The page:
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Today, The Commission On Osteopathic Medicine Approved LECOM’s Application To Establish The Very First Four Year Medical School In The Southern Tier At Elmira College

In Recent Years, Schumer Wrote To And Urged Both The Commission On Osteopathic College Accreditation And The Dept. Of Education, And Held A Rally At The Arnot Ogden Medical Center, To Support LECOM’s Proposal, As The Four Year Medical Program Is A Cornerstone Of Elmira’s Ongoing Downtown Revitalization Effort

Schumer: A Medical School In Elmira Is Just What The Doctor Ordered For The Southern Tier

U.S. Senator Charles E. Schumer today announced that following his years-long push, the Commission on Osteopathic College Accreditation (COCA) has approved the Lake Erie College of Osteopathic Medicine’s (LECOM) application to establish a new Osteopathic Medical School at Elmira College. Schumer explained that establishing a new med school in Elmira would help address the area’s shortage of doctors, as doctors who train in an area are more likely to end up practicing there. Schumer explained that he worked hard to support LECOM’s application to establish a med school in Elmira through multiple avenues, including when he visited the Arnot Medical Center in 2017, when he wrote to the U.S. Department of Education earlier that year, when he wrote to COCA in 2015, and in numerous phone calls with representatives of both COCA and the Department of Education. Schumer said that Elmira has begun a highly anticipated and much-needed downtown revitalization effort after receiving a $10 million award from New York State last year and that LECOM’s accreditation to establish a new medical school in Elmira would only augment that initiative.

“The news that Lake Erie College of Osteopathic Medicine has received approval to expand medical education to Elmira is just what the doctor ordered for the Southern Tier. A medical college means investment, more economic activity, and new physicians to support the health needs of residents in the Southern Tier and Western New York, where the need is high and general practitioners are scarce,” said Senator Schumer. “It was a long fight, but I was pleased to fight on behalf of this important proposal, and am proud to have stood alongside officials from LECOM, Elmira College, Chemung County and the City Of Elmira and the wonderful Tom Santulli, who have worked tirelessly to see this project across the finish line.”    

City and County officials along with Southern Tier Economic Growth have diligently assembled a targeted plan to promote development and resurgence within the city’s urban core. “Refresh Elmira” began a synergy of other development efforts throughout the community of which the Lake Erie College of Osteopathic Medicine proposal is a cornerstone. The establishment of a branch four-year medical college will bring an influx of students and faculty into the community. LECOM projects an estimate of 80 students each year, plus faculty will be added to the downtown daily. The presence of resident physicians at the hospital also in the downtown will spur residential development, and other support services as part of the downtown revitalization effort.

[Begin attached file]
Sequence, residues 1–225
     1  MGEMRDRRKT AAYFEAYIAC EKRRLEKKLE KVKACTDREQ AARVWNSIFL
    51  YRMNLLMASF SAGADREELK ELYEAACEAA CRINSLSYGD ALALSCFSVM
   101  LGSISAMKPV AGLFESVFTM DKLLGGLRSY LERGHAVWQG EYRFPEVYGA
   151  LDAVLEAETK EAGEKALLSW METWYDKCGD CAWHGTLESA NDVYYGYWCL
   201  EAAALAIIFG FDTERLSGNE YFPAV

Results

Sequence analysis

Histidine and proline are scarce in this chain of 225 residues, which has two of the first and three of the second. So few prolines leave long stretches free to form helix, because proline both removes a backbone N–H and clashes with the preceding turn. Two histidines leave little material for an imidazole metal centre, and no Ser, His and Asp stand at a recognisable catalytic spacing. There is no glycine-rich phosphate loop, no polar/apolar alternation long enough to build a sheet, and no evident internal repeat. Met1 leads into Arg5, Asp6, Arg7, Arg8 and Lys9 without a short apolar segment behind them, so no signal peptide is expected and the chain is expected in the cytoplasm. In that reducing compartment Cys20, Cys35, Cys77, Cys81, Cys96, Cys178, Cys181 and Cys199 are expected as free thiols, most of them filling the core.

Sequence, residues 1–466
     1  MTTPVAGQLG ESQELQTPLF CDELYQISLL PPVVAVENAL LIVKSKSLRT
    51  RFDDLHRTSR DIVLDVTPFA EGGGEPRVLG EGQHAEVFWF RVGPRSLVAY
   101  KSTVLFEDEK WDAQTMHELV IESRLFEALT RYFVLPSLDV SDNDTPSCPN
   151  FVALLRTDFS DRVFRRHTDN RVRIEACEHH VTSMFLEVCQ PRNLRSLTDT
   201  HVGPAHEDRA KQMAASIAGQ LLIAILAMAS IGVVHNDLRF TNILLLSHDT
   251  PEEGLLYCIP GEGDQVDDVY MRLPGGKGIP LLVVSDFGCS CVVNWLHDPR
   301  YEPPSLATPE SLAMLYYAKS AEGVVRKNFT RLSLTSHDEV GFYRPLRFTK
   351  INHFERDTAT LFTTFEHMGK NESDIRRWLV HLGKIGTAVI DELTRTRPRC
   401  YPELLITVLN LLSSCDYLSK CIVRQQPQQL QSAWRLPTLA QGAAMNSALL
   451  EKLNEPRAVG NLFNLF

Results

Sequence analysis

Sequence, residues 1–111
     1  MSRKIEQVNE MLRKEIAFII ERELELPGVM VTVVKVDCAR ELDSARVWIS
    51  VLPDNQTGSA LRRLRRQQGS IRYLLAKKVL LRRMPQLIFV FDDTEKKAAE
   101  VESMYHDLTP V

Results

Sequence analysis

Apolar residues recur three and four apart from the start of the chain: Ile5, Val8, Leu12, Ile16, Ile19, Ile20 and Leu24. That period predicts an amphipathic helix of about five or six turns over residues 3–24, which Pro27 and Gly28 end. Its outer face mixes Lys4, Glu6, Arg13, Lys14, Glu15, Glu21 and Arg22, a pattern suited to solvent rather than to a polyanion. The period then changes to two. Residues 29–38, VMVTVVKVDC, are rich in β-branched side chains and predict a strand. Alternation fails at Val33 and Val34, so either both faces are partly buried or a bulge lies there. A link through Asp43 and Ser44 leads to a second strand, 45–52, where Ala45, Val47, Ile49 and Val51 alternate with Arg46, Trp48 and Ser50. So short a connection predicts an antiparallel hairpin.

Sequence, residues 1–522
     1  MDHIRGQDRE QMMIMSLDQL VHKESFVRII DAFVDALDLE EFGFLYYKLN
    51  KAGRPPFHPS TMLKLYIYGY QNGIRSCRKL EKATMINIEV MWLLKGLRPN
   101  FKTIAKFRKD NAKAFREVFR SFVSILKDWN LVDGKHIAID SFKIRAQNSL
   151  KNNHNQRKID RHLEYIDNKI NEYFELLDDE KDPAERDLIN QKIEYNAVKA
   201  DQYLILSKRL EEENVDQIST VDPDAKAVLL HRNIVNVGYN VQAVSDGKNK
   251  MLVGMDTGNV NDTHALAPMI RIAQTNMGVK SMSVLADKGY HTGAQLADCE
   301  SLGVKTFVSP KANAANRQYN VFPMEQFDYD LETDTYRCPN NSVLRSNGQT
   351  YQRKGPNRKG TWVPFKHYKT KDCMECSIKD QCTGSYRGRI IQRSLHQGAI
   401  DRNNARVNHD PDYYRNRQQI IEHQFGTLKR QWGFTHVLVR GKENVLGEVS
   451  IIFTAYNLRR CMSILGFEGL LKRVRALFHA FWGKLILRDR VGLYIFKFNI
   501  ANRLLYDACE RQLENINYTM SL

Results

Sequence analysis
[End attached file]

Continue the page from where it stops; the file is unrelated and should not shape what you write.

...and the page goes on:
These students and resident physicians will help populate the downtown, creating a demand for housing and increasing demand for goods and services, all of which will promote development and investment within proximity to the campus and hospital.

The establishment of a branch four-year medical college is the first in the Southern Tier region to train primary care physicians, something that is in short supply. The Southern Tier and Western NY regions face a significant shortage of health care providers with a ratio of 1500:1 for patients to primary care doctors. The Western NY and Southern Tier regions have some of the lowest ranking health outcomes in the state, with Chemung County ranking #50 out of 62. A medical school in the Southern Tier could make significant strides in remedying some of the challenges the region currently faces to the well-being of its residents.

The LECOM Elmira Medical School Campus has received provisional accreditation from the Middle States Commission of Higher Education within the scope of Lake Erie College of Osteopathic Medicine’s existing accreditation. Now that the Commission on Osteopathic College Accreditation (COCA) has approved LECOM’s application, plans can move forward to establish the first four-year medical school in Elmira.